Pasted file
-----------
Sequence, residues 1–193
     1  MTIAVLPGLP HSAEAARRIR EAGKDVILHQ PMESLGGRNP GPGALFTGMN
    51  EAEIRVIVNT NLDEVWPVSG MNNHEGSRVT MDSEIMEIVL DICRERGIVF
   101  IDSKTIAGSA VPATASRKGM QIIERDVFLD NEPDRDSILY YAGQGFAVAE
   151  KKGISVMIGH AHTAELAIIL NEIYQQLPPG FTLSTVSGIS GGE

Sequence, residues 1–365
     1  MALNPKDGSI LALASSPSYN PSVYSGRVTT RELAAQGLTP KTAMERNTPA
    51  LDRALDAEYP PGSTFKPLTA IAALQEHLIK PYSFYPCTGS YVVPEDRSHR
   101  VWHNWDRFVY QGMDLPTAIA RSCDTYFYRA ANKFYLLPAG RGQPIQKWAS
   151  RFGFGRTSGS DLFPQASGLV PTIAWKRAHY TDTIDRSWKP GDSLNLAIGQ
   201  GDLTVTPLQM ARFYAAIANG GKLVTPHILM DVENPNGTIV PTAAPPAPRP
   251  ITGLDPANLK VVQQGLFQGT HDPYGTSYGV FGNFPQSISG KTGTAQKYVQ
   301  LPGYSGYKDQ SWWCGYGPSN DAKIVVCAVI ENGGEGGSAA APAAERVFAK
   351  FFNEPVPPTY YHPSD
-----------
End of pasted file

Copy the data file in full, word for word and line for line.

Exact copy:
Sequence, residues 1–193
     1  MTIAVLPGLP HSAEAARRIR EAGKDVILHQ PMESLGGRNP GPGALFTGMN
    51  EAEIRVIVNT NLDEVWPVSG MNNHEGSRVT MDSEIMEIVL DICRERGIVF
   101  IDSKTIAGSA VPATASRKGM QIIERDVFLD NEPDRDSILY YAGQGFAVAE
   151  KKGISVMIGH AHTAELAIIL NEIYQQLPPG FTLSTVSGIS GGE

Sequence, residues 1–365
     1  MALNPKDGSI LALASSPSYN PSVYSGRVTT RELAAQGLTP KTAMERNTPA
    51  LDRALDAEYP PGSTFKPLTA IAALQEHLIK PYSFYPCTGS YVVPEDRSHR
   101  VWHNWDRFVY QGMDLPTAIA RSCDTYFYRA ANKFYLLPAG RGQPIQKWAS
   151  RFGFGRTSGS DLFPQASGLV PTIAWKRAHY TDTIDRSWKP GDSLNLAIGQ
   201  GDLTVTPLQM ARFYAAIANG GKLVTPHILM DVENPNGTIV PTAAPPAPRP
   251  ITGLDPANLK VVQQGLFQGT HDPYGTSYGV FGNFPQSISG KTGTAQKYVQ
   301  LPGYSGYKDQ SWWCGYGPSN DAKIVVCAVI ENGGEGGSAA APAAERVFAK
   351  FFNEPVPPTY YHPSD